Wild baby jays have it rough. After a short 10 weeks of being fed in the nest, they are down on the ground trying to earn a living. You may have seen some of these fledglings yourself. Fully feathered, but with a short tail and wings, they are able to walk, hop and flap, but cannot yet fly. Mom and Dad still come by and feed them for a while, but otherwise survival is left up to them.
The numbers are not stacked in their favor. Depending on the bird species in question and the specific habitat, their chances of surviving to their first hatchday are generally in the 11-30% range. The biggest obstacles they have to contend with are 1) predation, and 2) starvation. If there are cats around, feral or no, their chances of survival are much worse.
The Bird with Three Names was a baby scrub jay found by my friend Jenna in her yard. He was standing immobile in a corner with cats all around, so Jenna brought him inside. Jenna’s daughter Makenna loved the little bird and named him Lucky. And then Jenna brought the bird to me.
One thing you may not know about people in the veterinary field is that we are a superstitious lot. We are particularly wary of saying something good, for fear it will soon be proved wrong. If I am ever foolish enough to say something like “wow, we really aren’t busy!”, or “wow, the clients are being so nice!” the vet techs all groan in protest. Surely now the gates of hell will open up, and chaos and discord be unleashed!
So, you can imagine how we feel about the name Lucky. This name is pretty much the kiss of death. Any animal with the misfortune to be named Lucky will surely have a panoply of terrible things happen to it, each worse than the last. As far as we are concerned, you might as well have named your pet “I Hope you Suffer and Die Horribly”.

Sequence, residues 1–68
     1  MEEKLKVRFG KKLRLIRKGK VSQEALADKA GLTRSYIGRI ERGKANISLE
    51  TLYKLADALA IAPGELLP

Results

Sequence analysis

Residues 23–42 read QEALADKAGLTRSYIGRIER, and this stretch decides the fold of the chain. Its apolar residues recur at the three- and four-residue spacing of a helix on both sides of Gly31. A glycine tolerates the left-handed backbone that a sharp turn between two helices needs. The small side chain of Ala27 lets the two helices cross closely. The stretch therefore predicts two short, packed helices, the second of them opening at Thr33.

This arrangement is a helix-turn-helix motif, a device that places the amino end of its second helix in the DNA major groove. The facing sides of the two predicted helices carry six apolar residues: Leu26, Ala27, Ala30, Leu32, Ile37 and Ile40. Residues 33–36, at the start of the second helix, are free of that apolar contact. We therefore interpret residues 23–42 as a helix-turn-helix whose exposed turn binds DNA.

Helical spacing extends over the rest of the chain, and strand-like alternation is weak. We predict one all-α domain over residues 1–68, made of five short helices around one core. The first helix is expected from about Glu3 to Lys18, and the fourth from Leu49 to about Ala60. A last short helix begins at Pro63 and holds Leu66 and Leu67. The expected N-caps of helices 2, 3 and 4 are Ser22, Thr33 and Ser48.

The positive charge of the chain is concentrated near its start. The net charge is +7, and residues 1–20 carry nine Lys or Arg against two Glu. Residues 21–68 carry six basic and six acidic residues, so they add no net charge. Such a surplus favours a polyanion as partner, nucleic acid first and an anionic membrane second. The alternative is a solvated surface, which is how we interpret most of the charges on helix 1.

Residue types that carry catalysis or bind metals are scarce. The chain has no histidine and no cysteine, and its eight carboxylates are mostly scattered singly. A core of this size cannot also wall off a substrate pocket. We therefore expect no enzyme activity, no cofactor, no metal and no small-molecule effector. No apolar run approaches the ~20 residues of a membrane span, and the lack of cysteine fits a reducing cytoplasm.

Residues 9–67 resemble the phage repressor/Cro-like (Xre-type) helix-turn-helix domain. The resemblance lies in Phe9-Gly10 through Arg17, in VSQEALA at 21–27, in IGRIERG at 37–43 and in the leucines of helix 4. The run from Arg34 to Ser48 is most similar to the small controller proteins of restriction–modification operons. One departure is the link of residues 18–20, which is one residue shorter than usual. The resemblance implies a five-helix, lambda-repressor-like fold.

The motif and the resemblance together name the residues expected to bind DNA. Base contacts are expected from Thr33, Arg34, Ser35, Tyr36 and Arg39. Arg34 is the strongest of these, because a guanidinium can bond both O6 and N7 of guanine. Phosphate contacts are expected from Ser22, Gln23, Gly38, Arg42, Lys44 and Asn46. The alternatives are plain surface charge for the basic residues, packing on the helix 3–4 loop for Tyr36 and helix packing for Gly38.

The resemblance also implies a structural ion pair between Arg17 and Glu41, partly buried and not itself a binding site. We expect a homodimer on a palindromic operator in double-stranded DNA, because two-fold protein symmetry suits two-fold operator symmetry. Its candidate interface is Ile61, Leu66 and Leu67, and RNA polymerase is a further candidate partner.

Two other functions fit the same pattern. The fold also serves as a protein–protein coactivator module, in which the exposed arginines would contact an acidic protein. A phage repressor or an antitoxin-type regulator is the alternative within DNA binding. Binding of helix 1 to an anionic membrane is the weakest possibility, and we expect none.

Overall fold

I knew, therefore, as soon as I met Lucky that I had to change his name. In a vain attempt to remedy the damage, I quickly named him CatFud. My son Micah, however, was having none of it, and thought CatFud was not a nice name at all for a baby bird. So shortly after being named CatFud our feathery protagonist was re-christened Bluebell.
Lucky CatFud Bluebell was a very adorable baby bird but Not Quite Right. While he was bright and alert, he wouldn’t gape for food like hungry jay babies do. Even after a few days of fluids and antibiotics he didn’t want to feed himself or be fed. He was interactive and curious, and the tests I ran came up normal, but the fact remained that he wasn’t thriving the way he should have.
Poor Lucky CatFud Bluebell passed away quietly and unexpectedly the night after this picture was taken. Perhaps he had a disease we couldn’t identify, or a birth defect we couldn’t fix. Perhaps Mother Nature had written him down on the deficit side of her balance sheet before we even met him. All I know is that we are sad he is gone.
Rest in peace, Bird with Three Names. We will miss you.